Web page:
Buying auto insurance is not the one-step process we'd love it to be. Understanding the many variables involved can save you money and headaches down the road. One key point that is often overlooked or not given enough weight is the deductible. Many people either aren't sure what it is or don't know how high it should be.
Auto Deductibles in 150 Words
For those familiar with health insurance, this should be an easy concept (see All the Ways You Pay: Premiums, Deductibles, Co-pays, and Coinsurance to learn more about it in the health insurance context). An auto deductible is the money you have to pay before your insurance kicks in and lends a hand.
If you're involved in an accident that causes $5,000 worth of damage and your deductible is $500, then you are on the hook for that first $500 before your insurance takes care of the rest. You can look at the $500 deductible as an entry fee before your insurance will kick in and pay the claim (learn The First Steps You Need to Take After Wrecking Your Car).
So, knowing that, it's clear that a low deductible is great for keeping the financial burden off you – right?
Unfortunately, it's not that simple. There are pros and cons to each option. The ones we'll discuss below apply to everyone, not just a specific group. Auto deductibles are all about finding that sweet spot for your specific situation, and then sticking to it.
Going with a High Auto Deductible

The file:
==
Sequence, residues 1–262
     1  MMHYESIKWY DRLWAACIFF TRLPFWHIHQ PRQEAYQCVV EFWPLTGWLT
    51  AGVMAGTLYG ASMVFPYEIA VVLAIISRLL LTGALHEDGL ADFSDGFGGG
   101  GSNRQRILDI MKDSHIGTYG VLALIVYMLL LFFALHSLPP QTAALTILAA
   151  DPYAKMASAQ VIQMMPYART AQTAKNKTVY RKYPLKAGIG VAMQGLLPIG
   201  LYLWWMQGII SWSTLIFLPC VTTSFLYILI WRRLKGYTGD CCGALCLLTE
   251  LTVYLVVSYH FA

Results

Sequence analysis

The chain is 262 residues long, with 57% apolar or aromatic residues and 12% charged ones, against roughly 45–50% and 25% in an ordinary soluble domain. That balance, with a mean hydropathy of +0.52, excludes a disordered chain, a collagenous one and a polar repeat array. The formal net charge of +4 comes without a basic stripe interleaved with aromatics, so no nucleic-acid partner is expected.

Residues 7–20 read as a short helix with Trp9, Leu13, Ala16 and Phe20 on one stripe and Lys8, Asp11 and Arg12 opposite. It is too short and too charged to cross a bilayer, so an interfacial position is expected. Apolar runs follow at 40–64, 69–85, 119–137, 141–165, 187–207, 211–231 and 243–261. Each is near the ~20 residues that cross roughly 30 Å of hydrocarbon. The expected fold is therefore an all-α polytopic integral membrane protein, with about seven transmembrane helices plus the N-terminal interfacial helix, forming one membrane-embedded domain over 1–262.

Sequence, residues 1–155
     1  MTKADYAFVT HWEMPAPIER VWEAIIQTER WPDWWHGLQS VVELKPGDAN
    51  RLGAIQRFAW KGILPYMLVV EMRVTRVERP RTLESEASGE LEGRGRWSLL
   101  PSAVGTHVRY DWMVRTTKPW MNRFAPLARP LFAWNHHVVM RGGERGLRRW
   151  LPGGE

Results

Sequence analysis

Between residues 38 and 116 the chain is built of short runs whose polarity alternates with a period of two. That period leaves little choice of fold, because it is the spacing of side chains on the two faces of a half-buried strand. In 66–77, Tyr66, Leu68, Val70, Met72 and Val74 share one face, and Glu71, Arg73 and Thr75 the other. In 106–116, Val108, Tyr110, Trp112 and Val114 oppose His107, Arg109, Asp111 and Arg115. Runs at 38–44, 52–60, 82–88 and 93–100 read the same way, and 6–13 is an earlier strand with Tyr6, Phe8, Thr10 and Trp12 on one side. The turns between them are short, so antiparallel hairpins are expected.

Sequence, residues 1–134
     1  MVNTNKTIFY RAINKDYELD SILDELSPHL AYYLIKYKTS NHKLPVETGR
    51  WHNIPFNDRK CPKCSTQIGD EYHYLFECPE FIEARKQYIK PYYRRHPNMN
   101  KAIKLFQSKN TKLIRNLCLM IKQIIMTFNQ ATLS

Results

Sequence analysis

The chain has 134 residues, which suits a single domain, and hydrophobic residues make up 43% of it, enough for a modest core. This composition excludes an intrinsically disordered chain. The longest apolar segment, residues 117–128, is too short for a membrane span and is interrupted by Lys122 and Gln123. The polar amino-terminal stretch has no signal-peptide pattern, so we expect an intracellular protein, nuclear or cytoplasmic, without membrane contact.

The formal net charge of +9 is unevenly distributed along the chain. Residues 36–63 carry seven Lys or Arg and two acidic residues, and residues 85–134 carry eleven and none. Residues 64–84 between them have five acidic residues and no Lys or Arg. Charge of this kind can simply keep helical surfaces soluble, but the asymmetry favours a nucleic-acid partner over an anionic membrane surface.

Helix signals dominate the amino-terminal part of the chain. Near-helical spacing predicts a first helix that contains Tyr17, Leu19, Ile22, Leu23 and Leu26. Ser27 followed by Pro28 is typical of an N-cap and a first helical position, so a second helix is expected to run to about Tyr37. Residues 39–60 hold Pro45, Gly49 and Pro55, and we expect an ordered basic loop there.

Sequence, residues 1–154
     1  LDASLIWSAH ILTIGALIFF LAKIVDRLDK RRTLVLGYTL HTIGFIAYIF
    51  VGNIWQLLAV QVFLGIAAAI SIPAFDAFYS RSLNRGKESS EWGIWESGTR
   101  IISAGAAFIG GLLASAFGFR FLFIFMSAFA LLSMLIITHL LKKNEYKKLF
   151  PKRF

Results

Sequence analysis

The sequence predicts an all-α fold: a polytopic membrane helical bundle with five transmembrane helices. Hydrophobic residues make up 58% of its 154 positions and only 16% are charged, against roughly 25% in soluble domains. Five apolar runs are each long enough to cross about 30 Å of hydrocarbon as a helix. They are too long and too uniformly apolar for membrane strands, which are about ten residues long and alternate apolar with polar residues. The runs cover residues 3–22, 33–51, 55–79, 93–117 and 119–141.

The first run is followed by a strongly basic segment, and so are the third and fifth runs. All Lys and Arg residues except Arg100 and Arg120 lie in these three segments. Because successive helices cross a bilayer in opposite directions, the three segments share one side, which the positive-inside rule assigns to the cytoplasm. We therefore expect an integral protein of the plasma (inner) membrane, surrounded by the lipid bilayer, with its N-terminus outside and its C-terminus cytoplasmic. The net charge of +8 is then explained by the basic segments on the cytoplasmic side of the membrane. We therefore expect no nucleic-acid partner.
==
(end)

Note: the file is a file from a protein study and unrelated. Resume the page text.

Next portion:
Now, this is going to sound a bit strange to those who keep their purse strings tight, but paying a higher deductible might be the best option. That's because a higher deductible leads to lower monthly auto insurance costs. Since the insurer then needs to cover less of the car’s assets if any repairs are needed, they're willing to pass those savings on to you by offering a reduced premium. This means that all of the money saved over the course of the lower-cost insurance contract could potentially go directly to a repair, assuming you have been banking it all.
High auto deductibles are best for drivers who have money stored away in a rainy day fund to take care of emergencies. Since whatever you are saving per month can be wiped out with one accident, depending on those savings to pay other bills is a big gamble. Use it to balance out your finances, but never as a crutch unless you are putting away the money you save each month (see Top 25 Personal Finance Bloggers to Follow on Twitter for advice on saving and managing your earnings).
Keeping It Low
Low deductibles are the most common ones. But when purchasing a brand new car leaves your finances drained, what's the smart choice?
A low deductible will keep you from paying a large amount of money up front to repair your car. But a high deductible will lower the cost per month so you can maintain a brand new car. That could cover gas, upgrades, and general maintenance.
The reason most first-time buyers settle for a low deductible is because it is a long-term option. This is true for single students purchasing a car for school or large families purchasing a minivan.
Mistakes happen on the road, even if it isn't your fault. How much can you realistically pay without disrupting the rest of your life? What would you do if your car was totaled and you had no money to repair it or purchase a new car? Opting for a low deductible is playing the long game, and is considered the safest option for drivers who don't have enough money squirreled away for emergencies.
Having a clear picture of your finances will help you to determine which auto deductible works best for your situation. There are no winners when your car is damaged and needs repair, but being prepared can at least keep you out of financial trouble.
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